But the programme didn’t just focus on building systems. The department was also involved in training over 50 veterinary managers who will act as the human resource in Indonesia’s enhanced pests and disease management capacity. The Indonesian Veterinary Leadership course delivered a range of leadership skills including management, team building, organisational structures and communication. The course also included technical and management competencies such as strategic planning, policy development, disease detection, reporting and diagnosis, risk assessment, and emergency preparedness and response.

The Indonesian Government is including this course in its mandatory government administrators’ training programme and Indonesian universities are also beginning to incorporate core components of the course into postgraduate programmes.

An Indonesian Government official (Mr Ison) commented on the programme, saying “through the program support, we’ve a much clearer idea on how to provide training to support our priorities. Previously we did training for the sake of doing it but now we are much more targeted and directed.”

As global trading and travel continues to build, the challenges of managing a country’s biosecurity will become more complex. By working in partnership, Australian and Indonesia can further strengthen the bilateral relationship, building on the veterinary capacity of the Asia Pacific region to keep disease such as foot and mouth or avian influenza at bay.

The first Indonesian Veterinary Leadership Training was conducted over a six-month period (January–June)

Attendees of the first Indonesian Veterinary Leadership Training Attendees of the first Indonesian Veterinary Leadership Training

Department of Agriculture – festive season arrangements

Christmas candlesThe department would like to wish you all a Merry Christmas and a Happy New Year.

The department will close on 25 December 2014 and reopen on 2 January 2015.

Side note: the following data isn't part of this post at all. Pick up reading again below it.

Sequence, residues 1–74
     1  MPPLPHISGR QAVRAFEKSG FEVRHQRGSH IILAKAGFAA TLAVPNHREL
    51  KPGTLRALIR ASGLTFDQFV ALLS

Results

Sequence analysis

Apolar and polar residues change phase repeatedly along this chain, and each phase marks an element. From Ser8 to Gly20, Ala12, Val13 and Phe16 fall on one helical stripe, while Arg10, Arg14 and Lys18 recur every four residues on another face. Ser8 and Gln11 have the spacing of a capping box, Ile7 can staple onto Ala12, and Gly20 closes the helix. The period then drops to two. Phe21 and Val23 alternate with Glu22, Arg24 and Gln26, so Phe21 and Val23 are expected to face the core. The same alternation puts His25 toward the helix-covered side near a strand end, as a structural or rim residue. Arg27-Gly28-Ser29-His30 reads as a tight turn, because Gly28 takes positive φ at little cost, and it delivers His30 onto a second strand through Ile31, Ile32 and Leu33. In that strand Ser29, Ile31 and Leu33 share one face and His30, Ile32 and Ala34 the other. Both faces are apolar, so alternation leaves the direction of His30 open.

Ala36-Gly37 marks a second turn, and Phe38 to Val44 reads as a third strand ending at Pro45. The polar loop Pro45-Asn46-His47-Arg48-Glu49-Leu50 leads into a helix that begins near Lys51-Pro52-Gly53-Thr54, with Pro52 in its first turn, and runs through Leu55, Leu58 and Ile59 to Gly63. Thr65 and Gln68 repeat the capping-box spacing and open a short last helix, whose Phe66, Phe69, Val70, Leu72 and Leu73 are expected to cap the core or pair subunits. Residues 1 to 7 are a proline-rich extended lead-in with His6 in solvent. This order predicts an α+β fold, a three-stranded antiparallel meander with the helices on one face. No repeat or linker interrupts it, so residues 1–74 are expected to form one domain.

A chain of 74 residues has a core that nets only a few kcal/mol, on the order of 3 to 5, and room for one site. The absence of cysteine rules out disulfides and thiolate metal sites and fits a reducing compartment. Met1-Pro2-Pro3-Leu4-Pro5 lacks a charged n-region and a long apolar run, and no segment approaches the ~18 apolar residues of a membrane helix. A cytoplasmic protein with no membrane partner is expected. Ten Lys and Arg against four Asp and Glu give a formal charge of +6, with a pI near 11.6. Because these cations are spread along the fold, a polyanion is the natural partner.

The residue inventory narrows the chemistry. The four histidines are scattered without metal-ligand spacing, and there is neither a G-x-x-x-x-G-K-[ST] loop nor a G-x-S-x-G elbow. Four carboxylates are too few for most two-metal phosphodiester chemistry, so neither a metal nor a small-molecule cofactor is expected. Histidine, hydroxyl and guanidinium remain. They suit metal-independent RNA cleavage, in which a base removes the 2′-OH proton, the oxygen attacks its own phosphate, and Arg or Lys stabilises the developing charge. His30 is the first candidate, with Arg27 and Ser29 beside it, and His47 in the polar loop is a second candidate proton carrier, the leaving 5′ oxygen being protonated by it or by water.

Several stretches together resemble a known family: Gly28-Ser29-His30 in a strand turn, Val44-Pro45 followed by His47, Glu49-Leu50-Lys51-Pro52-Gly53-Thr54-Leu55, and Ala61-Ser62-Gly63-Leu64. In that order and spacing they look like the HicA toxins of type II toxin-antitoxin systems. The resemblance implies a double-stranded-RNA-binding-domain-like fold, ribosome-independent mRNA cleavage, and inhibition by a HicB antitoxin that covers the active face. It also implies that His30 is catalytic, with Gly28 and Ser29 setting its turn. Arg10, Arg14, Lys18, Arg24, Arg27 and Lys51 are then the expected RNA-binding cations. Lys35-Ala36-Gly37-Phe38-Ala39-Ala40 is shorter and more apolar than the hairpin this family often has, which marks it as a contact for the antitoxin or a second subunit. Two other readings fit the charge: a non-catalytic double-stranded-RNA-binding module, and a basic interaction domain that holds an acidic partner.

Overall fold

There are special opening times for our regional offices. These times will be made available through the usual channels closer to the date.

NAQS – the first line of protection to the north

Biosecurity officer, Titom NonaAustralia’s tropical north is a vast, remote and therefore vulnerable entry point for many exotic pests, diseases and weeds.

Entry pathways include wind and tide movements, animal migrations, foreign and domestic vessel movements, aircraft, passenger and cargo movements through Torres Strait, and traditional trade between Papua New Guinea and the outer Torres Strait islands in accordance with Australia’s treaty obligations.

Continue reading about NAQS

Standing in the way of these incursions are the staff of the Northern Australia Quarantine Strategy. NAQS was established in 1989 to provide an early warning system for exotic pest, weed and disease detections across northern Australia and to help address unique biosecurity risks facing the region.

NAQS staff like Titom Nona perform vital roles under the strategy. He is the biosecurity officer on Badu Island and has worked for the Department of Agriculture for more than 20 years.

“I was born on Thursday Island and raised on Badu Island. My family are traditional land owners on Badu” Mr Nona said.

“I am very proud of being a biosecurity officer and the contribution I have made to safeguarding Australia, and more importantly, my island home.”

Many things have changed and evolved during Titom’s career with NAQS. In 1993 Asian honey bee was first detected on Boigu Island in Torres Strait and he implemented the first Asian honey bee eradication programme with his fellow officers.

“In 1995 there was a Japanese Encephalitis outbreak on Badu. The outbreak claimed the lives of two community members. Sadly, one was a child. Two other community members also fell ill but survived.

“This sad time highlighted for me the importance of my role as a biosecurity officer and member of the Badu community. It was my role to make my community aware of the importance of the risk Japanese Encephalitis posed by keeping pigs in the community. The pigs carried the disease and were the source of the outbreak. This was very challenging, as keeping pigs is part of our traditional way of life and our culture.”

These days Titom’s role as a biosecurity officer involves diverse activities including the clearance of aircraft and sea cargo, scientific monitoring, clearance of traditional visitors from Papua New Guinea and performing Department of Immigration and Citizenship (DIAC) clearances of these vessels under the memorandum of understanding when the Movement Monitoring Officer is off the island.

“Another important role I play is delivering public awareness programs about biosecurity to our community, schools and traditional visitors in our own language and culture.”

To find out more about the work we do in northern Australia, view the Northern Australia Quarantine Strategy page.

Post border finds

Managing biosecurity is a big job, and one that requires everyone to do their part in protecting our valuable agricultural industries, our environment and our way of life.